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Melbourne paramedic pens letter about being threatened with a knife

A paramedic has penned an emotional letter calling for stronger laws to protect emergency services workers.

Stacey Heaney, an advanced life support paramedic from Melbourne, spoke out about being ambushed by a knife-wielding man and warned violence is increasing.

Ms Heaney said she shared the Facebook post about the incident, which happened a year ago in Tarneit in the city’s western suburbs, in the hopes of changing laws.

Stacey Heaney (pictured), an advanced life support paramedic from Melbourne, told of being ambushed by knife-wielding attacker, and warned violence is increasing

A paramedic has penned an emotional letter (pictured) calling for stronger legal protection of emergency services workers

A paramedic has penned an emotional letter (pictured) calling for stronger legal protection of emergency services workers

Ms Heaney said she shared the Facebook post about the incident, which happened a year ago in Tarneit in the city's western suburbs, in the hopes of changing laws (pictured is an ambulance with a message protesting attacks on paramedics)

Ms Heaney said she shared the Facebook post about the incident, which happened a year ago in Tarneit in the city’s western suburbs, in the hopes of changing laws (pictured is an ambulance with a message protesting attacks on paramedics)

During her four years as a paramedic Ms Heaney has been verbally abused, threatened and even spat on, but the attack changed her view of her job, she said.

‘It was a dark winter night and my partner and I were called to assist an intoxicated person lying in a street,’ Ms Heaney wrote. 

‘We parked our truck and began walking towards the patient when a bystander frantically ran down the street screaming “it’s a trap leave now they attack emergency services all the time!! They have a knife!!”

‘At that point the patient jumped up and started charging us trying to punch me in the face.’

The letters were written amid public outrage about two women who successfully appealed jail terms for viciously bashing a paramedic in 2016 (pictured is Amanda Warren)

The letters were written amid public outrage about two women who successfully appealed jail terms for viciously bashing a paramedic in 2016 (pictured is Amanda Warren)

Drunk mothers Amanda Warren, 33, and Caris Underwood (pictured), 20, had their jail terms quashed last week and were given community correction orders instead

Drunk mothers Amanda Warren, 33, and Caris Underwood (pictured), 20, had their jail terms quashed last week and were given community correction orders instead

Ms Heaney and her partner were forced to hide in their truck while waiting for police to save them from the assailant, who was trying to break inside.

The man was never charged, Ms Heaney said, because the paramedics were not hurt and the incident was a ‘regular occurrence’. 

‘This is just one of the many stories of violence we face in our workplace which is happening more frequently,’ Ms Heaney wrote.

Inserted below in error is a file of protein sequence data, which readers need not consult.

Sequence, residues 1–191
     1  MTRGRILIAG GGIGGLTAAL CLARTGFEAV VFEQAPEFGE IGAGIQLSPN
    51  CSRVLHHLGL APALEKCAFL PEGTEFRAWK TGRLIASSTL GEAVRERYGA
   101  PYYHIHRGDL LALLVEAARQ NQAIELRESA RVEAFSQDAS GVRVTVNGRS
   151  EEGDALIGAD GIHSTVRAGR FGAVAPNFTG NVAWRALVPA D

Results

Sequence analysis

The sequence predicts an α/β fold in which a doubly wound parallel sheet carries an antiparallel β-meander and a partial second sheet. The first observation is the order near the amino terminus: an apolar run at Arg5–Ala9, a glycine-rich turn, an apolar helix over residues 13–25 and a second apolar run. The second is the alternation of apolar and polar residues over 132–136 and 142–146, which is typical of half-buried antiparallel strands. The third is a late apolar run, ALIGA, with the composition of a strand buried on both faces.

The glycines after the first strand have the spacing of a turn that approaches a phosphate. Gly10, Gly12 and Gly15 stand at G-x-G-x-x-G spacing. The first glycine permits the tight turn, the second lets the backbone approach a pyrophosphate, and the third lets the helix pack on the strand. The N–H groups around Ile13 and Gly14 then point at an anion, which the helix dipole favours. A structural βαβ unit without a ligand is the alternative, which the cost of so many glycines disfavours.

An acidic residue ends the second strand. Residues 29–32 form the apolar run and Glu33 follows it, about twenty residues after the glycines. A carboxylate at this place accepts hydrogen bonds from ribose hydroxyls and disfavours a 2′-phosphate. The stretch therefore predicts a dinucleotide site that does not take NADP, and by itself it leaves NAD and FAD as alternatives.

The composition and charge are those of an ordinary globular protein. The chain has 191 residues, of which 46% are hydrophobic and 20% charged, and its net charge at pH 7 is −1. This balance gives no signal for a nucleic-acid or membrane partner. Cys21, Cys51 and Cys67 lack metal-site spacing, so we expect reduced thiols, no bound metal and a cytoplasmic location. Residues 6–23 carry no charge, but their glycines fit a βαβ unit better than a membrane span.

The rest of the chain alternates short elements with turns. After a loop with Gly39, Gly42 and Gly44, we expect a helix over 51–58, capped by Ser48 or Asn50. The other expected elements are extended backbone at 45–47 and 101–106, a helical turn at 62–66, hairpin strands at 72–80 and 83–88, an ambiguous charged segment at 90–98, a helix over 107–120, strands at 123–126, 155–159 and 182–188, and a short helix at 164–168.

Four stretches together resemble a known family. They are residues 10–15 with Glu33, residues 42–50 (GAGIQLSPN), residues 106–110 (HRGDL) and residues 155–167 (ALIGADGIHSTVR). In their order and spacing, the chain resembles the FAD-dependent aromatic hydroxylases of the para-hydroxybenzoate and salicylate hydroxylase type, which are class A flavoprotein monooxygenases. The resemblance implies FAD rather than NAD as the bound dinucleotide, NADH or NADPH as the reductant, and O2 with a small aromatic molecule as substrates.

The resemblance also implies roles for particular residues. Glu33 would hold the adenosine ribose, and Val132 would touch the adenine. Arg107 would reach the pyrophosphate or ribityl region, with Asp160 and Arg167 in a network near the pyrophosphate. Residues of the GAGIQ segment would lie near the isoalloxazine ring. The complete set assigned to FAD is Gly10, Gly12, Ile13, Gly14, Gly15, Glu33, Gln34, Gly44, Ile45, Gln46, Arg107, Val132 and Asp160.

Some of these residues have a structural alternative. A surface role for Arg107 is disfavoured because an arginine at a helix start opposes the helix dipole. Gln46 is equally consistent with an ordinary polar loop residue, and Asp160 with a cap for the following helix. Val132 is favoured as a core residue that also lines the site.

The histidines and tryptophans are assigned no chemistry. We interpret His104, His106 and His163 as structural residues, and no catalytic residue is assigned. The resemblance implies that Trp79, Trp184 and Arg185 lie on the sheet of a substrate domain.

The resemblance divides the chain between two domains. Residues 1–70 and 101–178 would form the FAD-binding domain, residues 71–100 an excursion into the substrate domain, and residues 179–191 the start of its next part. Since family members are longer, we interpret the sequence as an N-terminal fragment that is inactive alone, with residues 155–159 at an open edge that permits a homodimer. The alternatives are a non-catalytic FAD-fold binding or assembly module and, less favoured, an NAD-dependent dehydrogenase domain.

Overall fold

‘That is why proper laws in place is so important to me and my colleagues so that it acts as a deterrent. 

Ms Heaney's letter followed a similar post a day earlier by Steff Dewhurst (pictured), who told about being attacked and subjected to vile rape threats by a patient

Ms Heaney’s letter followed a similar post a day earlier by Steff Dewhurst (pictured), who told about being attacked and subjected to vile rape threats by a patient

‘With recent events I fear these assaults will increase as the courts do not protect us.

‘It is not okay to assault emergency services! Time to open up communication about how to protect emergency services!’

Ms Heaney’s letter followed a similar post a day earlier by Steff Dewhurst, who told about being attacked and subjected to vile rape threats by a patient.

The letters were written amid public outrage about two women who successfully appealed jail terms for viciously bashing a paramedic in 2016.

Drunk mothers Amanda Warren, 33, and Caris Underwood, 20, had their jail terms quashed last week and were given community correction orders instead.

In response to the outcry over the County Court decision the Victorian government has proposed a reworking of mandatory sentencing laws, The Australian reported. 

In response to the outcry over the County Court decision the Victorian government has proposed a reworking of mandatory sentencing laws (pictured is an ambulance with a message protesting attacks on paramedics)

In response to the outcry over the County Court decision the Victorian government has proposed a reworking of mandatory sentencing laws (pictured is an ambulance with a message protesting attacks on paramedics)

Attacks on emergency services workers will be reclassified to require custodial sentences.

The move came after Police Association of Victoria boss Wayne Gatt and Steve McGhie, the Ambulance Employees Association of Victoria head met premier Steve Andrews.

The proposed laws would see those who assault emergency services workers given a mandatory six-month sentence, even if they were drunk or on drugs.

Mr Gatt said confrontations between the public and emergency services were increasing, and more needed to be done to protect them. 

‘There’s only so much governments can do, people have to take personal responsibility for their actions and that is what this is about,’ he said.

Proposed laws would see those who assault emergency services workers given a mandatory six-month sentence, even if they were drunk or on drugs (pictured is an ambulance with a message protesting attacks on paramedics)

Proposed laws would see those who assault emergency services workers given a mandatory six-month sentence, even if they were drunk or on drugs (pictured is an ambulance with a message protesting attacks on paramedics)

 



Read more at DailyMail.co.uk


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